Auburn Hills, Michigan – BorgWarner Inc. has agreed to buy Germany’s Akasol AG to significantly expand its commercial vehicle electrification capabilities. The $915 million deal (including absorbing Akasol’s debt) gives BorgWarner technology and production capabilities for customizable battery packs for buses, commercial vehicles, rail vehicles, industrial vehicles, ships, and boats.
Akasol’s system is cell-agnostic, providing a low-cost, flexible solution. With more than 300 full-time employees and three facilities across Germany and one facility in Detroit, Michigan, Akasol is well positioned to capitalize on the large market opportunity across Europe and North America.
“Akasol is an excellent strategic fit as BorgWarner seeks to continue to expand its electrification portfolio and capitalize on the profound industry shift towards electrification,” said Frédéric Lissalde, president and CEO of BorgWarner. “Akasol's manufacturing footprint and established, in-production customer base are complementary to BorgWarner's, and would accelerate our foothold into the fast-growing commercial vehicle and off-highway battery pack market.”
BorgWarner believes the acquisition would significantly strengthen its commercial vehicle and off-highway battery systems business as it continues to execute its electrification strategy. With the global, lithium-ion battery market for electric vehicles expected to grow, Akasol is well positioned to meet the demand for battery systems in commercial EVs.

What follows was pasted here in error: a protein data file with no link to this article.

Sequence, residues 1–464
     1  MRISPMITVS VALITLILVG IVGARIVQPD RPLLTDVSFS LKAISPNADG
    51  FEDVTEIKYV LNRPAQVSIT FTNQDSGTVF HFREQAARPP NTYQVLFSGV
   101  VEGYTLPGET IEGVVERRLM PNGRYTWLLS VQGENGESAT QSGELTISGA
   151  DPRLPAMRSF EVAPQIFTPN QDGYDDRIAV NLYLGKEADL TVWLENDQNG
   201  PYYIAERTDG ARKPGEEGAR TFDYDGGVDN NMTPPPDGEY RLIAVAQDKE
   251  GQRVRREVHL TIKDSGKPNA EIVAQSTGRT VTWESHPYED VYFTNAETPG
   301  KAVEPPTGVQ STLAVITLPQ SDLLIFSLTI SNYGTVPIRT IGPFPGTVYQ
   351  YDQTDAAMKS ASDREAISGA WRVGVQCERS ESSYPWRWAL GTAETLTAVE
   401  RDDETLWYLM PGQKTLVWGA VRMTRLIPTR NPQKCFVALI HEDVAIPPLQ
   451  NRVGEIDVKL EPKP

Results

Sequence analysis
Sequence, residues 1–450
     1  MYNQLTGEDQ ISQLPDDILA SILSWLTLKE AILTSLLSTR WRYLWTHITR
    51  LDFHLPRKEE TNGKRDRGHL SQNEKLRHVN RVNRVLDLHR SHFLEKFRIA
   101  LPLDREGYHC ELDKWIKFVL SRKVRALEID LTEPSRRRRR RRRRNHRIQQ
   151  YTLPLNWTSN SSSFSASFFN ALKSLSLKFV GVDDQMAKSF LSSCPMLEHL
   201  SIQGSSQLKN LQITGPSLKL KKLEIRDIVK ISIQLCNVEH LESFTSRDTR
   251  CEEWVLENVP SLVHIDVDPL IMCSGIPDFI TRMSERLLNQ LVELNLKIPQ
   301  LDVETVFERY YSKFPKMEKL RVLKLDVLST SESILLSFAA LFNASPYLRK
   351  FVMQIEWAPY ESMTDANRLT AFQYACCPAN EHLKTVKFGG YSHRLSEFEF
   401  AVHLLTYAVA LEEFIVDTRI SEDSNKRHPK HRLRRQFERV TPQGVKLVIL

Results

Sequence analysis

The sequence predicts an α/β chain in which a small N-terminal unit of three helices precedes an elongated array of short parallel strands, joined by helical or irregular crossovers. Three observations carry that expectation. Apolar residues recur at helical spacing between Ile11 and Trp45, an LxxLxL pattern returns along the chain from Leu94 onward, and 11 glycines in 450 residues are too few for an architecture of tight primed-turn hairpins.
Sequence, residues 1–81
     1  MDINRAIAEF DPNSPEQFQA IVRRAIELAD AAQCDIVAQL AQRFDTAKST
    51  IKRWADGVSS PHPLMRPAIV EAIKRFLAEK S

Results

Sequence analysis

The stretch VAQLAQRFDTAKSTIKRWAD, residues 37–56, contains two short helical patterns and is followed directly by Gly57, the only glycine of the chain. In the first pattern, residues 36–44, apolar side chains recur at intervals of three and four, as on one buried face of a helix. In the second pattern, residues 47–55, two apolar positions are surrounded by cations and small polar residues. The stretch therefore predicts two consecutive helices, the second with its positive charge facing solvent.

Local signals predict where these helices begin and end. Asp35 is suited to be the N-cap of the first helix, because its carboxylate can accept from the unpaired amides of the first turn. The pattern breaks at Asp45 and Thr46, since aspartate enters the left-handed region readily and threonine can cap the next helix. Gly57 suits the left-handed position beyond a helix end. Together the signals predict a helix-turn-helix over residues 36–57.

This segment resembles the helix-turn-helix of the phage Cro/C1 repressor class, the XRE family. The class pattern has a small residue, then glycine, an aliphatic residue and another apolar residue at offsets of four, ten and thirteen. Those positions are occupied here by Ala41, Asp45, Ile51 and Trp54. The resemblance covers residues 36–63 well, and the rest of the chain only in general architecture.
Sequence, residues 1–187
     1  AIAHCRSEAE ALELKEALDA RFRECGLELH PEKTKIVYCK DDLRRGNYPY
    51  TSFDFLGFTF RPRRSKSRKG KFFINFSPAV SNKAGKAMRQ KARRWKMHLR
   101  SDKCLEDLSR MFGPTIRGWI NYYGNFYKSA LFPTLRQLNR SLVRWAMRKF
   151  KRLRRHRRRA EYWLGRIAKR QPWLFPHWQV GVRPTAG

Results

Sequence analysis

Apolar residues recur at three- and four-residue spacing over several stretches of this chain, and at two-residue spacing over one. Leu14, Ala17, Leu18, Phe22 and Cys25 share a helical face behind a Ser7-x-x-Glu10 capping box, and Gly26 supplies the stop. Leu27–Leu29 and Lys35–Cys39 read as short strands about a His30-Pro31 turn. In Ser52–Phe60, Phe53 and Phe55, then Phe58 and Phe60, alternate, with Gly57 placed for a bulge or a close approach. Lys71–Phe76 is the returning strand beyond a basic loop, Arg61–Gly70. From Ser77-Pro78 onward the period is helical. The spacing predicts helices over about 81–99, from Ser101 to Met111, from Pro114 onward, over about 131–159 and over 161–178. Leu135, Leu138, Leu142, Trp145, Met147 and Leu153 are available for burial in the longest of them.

Akasol is expected to continue to be run independently from its German headquarters. BorgWarner plans to keep CEO Schulz, CFO Carsten Bovenschen, and CTO Stephen Raiser in their roles after completion of the transaction.
The companies expect to complete the deal in the first half of this year. BorgWarner plans to fund the purchase with existing cash balances and potentially some incremental debt.
BorgWarner grew tremendously last year by buying former General Motors division Delphi Technologies. Originally billed as a $3.3 billion purchase, the companies agreed to a smaller $2.8 billion deal in mid-2020 as the COVID-19 pandemic had upended their abilities to complete the original transaction. The deal cleared in October, 2020.